A little history of the "Lost City of Vilcambamba.
"The Inca brought together all those of the royal blood he could find, men and women alike, and retired to the wild forest of the Antis to a place called Villcapampa where he lived in exile and solitude as one can imagine a dispossessed and disinherited prince would live, until one day he was slain by a Spaniard whom he had sheltered and protected from enemies who had sought his death."[
The location of Vilcabamba was forgotten.
The first outsiders in modern times to rediscover the remote forest site that has since come to be identified with Old Vilcabamba (Vilcabamba la Vieja) were three Cuzqueños: Manuel Ugarte, Manuel López Torres, and Juan Cancio Saavedra, in 1892. In 1911, Hiram Bingham with his book Lost City of the Incas brought to public attention the site of the ruins of the city at the remote forest site then called Espíritu Pampa, 130 kilometres (81 mi) west of Cuzco. Bingham, however, did not realize its significance and believed that Machu Picchu was the fabled "Vilcabamba", lost city and last refuge of the Incas.
In the 1960s, the explorations and discoveries of Antonio Santander Casselli and Gene Savoy finally associated the Espíritu Pampa site with the legendary Vilcabamba. Their 1970 book Antisuyo brought the site to even wider attention. Researcher and author John Hemming provided additional substantive confirmation as to Espíritu Pampa's significance in his 1970 The Conquest of the Incas.
In 1976, Professor Edmundo Guillén and Polish explorers Tony Halik and Elżbieta Dzikowska continued to explore the long-known ruins. However, before the expedition, Guillen visited a museum in Seville where he discovered letters from Spaniards, in which they described the progress of the invasion and what they found in Vilcabamba. Comparison between the letters' contents and the ruins provided additional proof of the location of Vilcabamba.
In 1981, the party of American explorer Gregory Deyermenjian reached and photographed parts of the site, soon thereafter generating a popular article concerning the site and its history.
Later extensive archeological work by Vincent Lee, and especially his exhaustive study, his 2000 book Forgotten Vilcabamba, gave further and even more precise confirmation that has made Espíritu Pampa the definitively accepted site of the historical Vilcabamba.
On 16 June 2006, a museum in Cuzco[which?] unveiled a plaque that commemorates the thirtieth anniversary of the 1976 Vilcabamba findings.
Stay tuned for more adventures.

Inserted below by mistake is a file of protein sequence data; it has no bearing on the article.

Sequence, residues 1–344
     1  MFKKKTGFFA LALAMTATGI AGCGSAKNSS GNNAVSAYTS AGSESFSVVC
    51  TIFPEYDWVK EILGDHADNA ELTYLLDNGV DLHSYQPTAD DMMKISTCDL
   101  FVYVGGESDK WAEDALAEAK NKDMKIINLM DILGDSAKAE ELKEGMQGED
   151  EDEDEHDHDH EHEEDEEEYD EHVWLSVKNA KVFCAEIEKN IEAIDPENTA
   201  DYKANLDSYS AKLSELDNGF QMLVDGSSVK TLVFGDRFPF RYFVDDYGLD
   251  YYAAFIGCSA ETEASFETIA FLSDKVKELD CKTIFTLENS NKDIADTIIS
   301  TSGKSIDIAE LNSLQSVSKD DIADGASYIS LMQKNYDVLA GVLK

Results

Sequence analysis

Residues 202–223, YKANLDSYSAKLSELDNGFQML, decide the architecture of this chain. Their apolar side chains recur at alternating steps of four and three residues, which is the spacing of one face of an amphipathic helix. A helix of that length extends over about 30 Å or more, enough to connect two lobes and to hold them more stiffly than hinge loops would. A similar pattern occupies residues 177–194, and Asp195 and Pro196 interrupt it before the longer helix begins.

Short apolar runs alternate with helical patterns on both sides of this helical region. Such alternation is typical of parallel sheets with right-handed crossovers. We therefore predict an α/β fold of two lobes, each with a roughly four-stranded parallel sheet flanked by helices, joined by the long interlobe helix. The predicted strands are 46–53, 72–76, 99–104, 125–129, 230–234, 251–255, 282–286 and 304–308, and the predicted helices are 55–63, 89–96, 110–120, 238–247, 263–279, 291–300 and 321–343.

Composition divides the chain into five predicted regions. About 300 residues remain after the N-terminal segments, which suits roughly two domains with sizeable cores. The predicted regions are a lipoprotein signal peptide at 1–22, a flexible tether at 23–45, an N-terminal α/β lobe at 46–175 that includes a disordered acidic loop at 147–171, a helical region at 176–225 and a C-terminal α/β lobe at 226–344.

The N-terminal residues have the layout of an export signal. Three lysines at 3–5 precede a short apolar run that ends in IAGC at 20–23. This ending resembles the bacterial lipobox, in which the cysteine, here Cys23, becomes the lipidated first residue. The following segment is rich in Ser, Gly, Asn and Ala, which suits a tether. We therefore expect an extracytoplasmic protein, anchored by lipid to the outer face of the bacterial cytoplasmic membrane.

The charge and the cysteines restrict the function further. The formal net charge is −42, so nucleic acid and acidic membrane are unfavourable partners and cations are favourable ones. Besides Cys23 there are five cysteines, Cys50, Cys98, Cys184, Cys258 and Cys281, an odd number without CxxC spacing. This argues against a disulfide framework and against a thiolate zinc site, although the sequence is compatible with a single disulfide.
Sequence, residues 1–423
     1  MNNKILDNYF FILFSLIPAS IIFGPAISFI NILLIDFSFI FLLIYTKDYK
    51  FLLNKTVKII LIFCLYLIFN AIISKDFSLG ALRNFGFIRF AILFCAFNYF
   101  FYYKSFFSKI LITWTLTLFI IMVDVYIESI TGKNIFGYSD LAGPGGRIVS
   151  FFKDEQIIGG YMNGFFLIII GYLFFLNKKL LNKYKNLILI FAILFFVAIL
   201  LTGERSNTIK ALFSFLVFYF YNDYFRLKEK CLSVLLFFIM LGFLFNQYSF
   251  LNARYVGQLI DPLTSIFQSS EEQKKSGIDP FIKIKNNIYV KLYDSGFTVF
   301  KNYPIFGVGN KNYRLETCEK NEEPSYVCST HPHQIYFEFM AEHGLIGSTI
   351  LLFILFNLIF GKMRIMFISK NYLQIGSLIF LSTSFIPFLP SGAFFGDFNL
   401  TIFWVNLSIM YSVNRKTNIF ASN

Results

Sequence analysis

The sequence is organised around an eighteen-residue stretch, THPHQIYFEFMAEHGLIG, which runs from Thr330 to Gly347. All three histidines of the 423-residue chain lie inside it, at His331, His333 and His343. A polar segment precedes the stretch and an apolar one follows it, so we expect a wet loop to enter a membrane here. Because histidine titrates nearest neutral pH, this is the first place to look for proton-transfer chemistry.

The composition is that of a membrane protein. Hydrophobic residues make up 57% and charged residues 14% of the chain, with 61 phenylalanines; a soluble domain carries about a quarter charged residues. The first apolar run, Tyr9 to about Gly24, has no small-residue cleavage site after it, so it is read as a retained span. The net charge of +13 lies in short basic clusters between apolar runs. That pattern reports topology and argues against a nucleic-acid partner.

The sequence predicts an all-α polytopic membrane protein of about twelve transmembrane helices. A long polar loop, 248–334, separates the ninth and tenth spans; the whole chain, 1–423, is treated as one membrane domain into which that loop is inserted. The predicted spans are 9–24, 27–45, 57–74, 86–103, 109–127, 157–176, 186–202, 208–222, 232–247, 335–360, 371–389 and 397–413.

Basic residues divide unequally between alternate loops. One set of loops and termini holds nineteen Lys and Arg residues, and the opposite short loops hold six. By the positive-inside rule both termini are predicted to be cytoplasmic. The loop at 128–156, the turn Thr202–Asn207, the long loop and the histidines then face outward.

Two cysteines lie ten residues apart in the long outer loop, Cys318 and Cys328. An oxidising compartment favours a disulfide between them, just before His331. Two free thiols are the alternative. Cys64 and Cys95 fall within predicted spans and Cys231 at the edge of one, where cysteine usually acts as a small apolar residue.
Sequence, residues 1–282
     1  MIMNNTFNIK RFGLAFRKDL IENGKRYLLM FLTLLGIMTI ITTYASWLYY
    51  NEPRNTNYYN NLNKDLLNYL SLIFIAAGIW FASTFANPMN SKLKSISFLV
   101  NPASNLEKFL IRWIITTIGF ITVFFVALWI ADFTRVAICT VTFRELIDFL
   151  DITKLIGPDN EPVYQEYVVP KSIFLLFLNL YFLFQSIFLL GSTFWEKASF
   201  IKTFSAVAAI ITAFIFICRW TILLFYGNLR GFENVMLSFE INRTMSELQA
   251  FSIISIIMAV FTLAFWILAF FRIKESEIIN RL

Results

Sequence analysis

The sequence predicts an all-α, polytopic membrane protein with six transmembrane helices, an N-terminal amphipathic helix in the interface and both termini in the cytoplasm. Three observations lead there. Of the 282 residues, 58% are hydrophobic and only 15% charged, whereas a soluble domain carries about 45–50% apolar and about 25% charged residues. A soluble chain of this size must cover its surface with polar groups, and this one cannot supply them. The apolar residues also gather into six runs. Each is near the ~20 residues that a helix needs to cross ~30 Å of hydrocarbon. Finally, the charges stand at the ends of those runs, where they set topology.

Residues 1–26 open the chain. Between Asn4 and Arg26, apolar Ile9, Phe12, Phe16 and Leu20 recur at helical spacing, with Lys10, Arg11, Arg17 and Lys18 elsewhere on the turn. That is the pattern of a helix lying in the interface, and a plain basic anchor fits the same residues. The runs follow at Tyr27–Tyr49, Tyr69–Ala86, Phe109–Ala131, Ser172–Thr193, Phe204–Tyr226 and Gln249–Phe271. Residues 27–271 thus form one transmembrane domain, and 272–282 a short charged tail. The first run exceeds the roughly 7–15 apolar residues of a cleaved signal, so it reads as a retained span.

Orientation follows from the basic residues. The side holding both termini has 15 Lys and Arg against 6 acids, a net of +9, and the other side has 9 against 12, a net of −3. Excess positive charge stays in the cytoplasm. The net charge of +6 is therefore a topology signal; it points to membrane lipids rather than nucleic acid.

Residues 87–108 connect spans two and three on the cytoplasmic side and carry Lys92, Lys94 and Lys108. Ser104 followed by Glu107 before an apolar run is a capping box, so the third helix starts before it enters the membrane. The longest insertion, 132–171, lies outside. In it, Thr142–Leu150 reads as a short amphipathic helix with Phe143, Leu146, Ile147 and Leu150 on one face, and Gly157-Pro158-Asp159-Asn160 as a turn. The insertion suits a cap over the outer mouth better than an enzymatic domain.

It's been a couple weeks since we updated the blog. Our last couple of weeks in Medellin were filled with fun with our roomies. We had a great Christmas dinner with our friends from around the world, Gina from the Leavenworth, WA. (yep believe it or not) Eilidh and Sandy from Scotland, Magnus from Denmark and Travis from Texas as well as our new friend from Seattle, Casey. Some of us went paragliding again on Christmas Day and the day after we took a trip up to Guatape (a beautiful little town up in mountains, where we zip lined and walked up 740 steps to the top of a huge rock. We were again sorry to have to say goodbye but that's the way it goes when traveling. Hopefully we will see each other again down the trail and we can stay in touch on the computer. We flew out of Colombia on New Years Eve. At the airport we got there nice and early so as to avert any problems. We went to check in with our airline and they said we could not board unless we had a return ticket out of Ecuador! We had heard of some people having this problem but it seems to be an issue with some airlines and not with others. The agent told us we could buy a bus ticket from Ecuador to just over the border of Peru. After two hours of trying it seems you cannot buy a bus ticket online that crosses the border, it has to be bought in Ecuador. Our old roommate said that he avoided the problem by using a website that prints out a fake ticket. I looked for half an hour and finally found the site, not knowing if this would work or not. We looked up a real flight for three months in the future and filled in all the blanks on the website form, hit print and voila we had a ticket. Now we were not sure if they would take it. Leiann showed the ticket on her I-pad to the agent who didn't look twice and we were on the plane, yay! We cleared customs in Ecuador without issue and a taxi took us to our room, no issues except that across form our hotel the music (at 11:45) was blasting but hey it is Latin America and it's New Years Eve (Happy New Year!). During our stay at our Hotel (which is a little more like a hostel with private rooms, we met Jake. We talked to Jake at breakfast and found out that he was a former minister and was bringing his family to live in Ecuador. He had come down to check things out first and find a place for them to stay if all looked well for them. We had already rented a place with an extra bedroom so we invited Jake to stay with us as we believed that that's what God would have us do. It has worked out great so far and we enjoy our discussion about spiritual living, exploring new places and what God has in store for us.